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Objective Measurement of Student Affect to Optimize Automated Instruction

By Dr. Elizabeth Sheldon, Dr. Linda Malone and Sonalysts Inc


Student responses to various instructional methods differ due to individual differences. Additionally, these responses are observed in the student’s affect. In human instructor learning environments, the human instructor is able to adapt his teaching method based on observable signals of the student’s affect (e.g., wandering gaze, slumped shoulders, facial expressions, etc.). However, in an intelligent tutoring environment, the system is not able to infer the student’s affect and consequently, the instruction is tailored solely on the student’s performance. There are methods for automatically obtaining objective measures of affect. As such, an affective component has been designed to enhance the student model in an ITS in providing a more comprehensive diagnosis of the student’s performance (e.g., discriminating between lack of knowledge and boredom or frustration). This paper describes an experiment that was conducted in support of the development of the affective component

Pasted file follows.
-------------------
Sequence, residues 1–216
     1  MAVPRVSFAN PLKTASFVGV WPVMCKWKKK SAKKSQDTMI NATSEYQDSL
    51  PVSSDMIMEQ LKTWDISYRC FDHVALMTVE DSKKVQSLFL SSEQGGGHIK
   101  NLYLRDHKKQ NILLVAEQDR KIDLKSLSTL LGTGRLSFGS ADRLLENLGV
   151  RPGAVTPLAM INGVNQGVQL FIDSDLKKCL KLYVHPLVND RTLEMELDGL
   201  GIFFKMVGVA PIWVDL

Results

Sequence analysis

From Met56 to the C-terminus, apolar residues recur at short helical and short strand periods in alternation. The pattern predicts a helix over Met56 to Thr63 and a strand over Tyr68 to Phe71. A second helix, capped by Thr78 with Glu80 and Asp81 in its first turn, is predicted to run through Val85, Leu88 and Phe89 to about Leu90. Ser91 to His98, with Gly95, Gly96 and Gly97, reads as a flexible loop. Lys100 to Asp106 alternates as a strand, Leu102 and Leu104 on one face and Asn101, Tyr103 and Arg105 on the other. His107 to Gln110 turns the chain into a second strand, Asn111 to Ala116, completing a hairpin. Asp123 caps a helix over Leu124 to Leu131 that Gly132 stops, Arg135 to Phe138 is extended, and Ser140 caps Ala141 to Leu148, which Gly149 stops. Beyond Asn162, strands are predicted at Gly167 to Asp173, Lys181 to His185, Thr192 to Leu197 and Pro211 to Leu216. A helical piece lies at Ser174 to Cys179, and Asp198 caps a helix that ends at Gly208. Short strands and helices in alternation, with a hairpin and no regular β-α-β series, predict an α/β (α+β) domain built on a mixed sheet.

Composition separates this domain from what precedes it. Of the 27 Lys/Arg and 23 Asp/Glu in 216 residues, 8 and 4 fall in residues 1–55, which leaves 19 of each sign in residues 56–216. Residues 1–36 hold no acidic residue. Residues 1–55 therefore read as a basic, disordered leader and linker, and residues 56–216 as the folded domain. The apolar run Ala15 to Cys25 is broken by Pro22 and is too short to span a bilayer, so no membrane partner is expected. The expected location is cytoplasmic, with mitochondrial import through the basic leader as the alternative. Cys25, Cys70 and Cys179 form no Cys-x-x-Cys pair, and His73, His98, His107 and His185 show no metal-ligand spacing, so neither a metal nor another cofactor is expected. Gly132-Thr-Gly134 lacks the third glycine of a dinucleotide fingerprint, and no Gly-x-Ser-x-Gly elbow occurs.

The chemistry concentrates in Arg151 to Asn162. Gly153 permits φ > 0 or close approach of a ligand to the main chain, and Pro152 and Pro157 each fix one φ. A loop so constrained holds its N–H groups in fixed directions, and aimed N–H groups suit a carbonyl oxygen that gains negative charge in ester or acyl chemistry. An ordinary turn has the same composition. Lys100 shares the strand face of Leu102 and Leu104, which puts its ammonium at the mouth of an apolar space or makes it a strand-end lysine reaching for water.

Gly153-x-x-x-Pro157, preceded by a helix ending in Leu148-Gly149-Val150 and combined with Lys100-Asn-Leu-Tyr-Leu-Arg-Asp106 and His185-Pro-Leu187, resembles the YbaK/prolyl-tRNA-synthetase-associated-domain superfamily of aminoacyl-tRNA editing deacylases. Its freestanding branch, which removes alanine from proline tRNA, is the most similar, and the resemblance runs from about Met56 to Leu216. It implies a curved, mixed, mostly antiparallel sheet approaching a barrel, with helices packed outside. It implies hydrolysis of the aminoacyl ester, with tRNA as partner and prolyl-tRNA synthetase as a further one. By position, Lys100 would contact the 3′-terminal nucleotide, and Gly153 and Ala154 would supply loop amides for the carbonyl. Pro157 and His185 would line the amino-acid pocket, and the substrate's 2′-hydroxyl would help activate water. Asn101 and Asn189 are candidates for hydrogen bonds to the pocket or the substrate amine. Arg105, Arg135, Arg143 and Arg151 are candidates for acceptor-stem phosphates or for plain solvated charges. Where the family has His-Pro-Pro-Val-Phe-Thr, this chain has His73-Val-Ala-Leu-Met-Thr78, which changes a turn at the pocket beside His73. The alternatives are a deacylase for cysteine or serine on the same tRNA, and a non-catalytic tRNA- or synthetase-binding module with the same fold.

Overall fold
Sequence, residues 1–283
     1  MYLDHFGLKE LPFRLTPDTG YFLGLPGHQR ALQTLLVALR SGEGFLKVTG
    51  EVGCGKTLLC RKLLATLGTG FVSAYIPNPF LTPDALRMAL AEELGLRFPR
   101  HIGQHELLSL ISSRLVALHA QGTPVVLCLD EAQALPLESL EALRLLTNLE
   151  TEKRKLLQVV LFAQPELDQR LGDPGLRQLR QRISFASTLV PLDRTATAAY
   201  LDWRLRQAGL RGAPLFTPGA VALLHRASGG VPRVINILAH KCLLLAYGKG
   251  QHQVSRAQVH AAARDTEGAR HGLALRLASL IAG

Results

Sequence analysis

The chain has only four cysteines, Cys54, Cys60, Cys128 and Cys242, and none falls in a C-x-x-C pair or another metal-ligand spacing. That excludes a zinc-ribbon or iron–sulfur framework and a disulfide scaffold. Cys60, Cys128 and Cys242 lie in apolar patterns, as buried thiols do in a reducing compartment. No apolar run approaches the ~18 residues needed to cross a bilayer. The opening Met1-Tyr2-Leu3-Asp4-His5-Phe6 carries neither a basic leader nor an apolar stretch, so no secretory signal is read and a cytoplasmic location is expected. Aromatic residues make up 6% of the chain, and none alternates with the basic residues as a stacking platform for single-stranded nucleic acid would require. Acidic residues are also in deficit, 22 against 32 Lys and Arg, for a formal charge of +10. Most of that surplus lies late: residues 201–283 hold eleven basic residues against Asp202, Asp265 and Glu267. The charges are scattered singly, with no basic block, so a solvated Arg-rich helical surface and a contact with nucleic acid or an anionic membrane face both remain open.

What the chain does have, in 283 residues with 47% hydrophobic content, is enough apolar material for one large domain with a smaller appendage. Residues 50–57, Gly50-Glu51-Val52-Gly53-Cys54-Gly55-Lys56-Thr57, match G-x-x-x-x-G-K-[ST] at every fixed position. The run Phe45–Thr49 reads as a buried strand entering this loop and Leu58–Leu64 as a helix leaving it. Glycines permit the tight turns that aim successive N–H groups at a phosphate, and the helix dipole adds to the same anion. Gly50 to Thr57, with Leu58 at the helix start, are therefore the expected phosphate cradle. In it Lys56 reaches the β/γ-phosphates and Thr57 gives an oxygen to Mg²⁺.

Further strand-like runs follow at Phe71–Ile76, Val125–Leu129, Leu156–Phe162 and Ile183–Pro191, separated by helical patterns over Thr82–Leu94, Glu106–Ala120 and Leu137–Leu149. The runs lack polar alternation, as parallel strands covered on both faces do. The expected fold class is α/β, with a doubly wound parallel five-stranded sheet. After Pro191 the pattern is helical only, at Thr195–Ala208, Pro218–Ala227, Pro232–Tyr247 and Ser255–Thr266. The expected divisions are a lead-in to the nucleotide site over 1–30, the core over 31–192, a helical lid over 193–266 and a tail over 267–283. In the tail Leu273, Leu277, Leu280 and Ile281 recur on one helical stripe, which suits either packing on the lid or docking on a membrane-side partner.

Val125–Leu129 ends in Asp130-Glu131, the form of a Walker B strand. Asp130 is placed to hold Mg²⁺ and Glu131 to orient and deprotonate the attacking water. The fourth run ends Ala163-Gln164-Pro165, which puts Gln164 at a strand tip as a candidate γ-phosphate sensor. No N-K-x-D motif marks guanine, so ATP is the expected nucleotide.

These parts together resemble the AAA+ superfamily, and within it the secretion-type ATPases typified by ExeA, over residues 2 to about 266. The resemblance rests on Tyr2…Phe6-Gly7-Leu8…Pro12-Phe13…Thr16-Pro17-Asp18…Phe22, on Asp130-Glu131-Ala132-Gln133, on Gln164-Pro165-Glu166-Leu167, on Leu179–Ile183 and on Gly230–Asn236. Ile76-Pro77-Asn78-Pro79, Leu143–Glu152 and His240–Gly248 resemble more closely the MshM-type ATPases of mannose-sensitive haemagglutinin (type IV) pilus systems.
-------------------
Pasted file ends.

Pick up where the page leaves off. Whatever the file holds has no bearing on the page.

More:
Year: 2009
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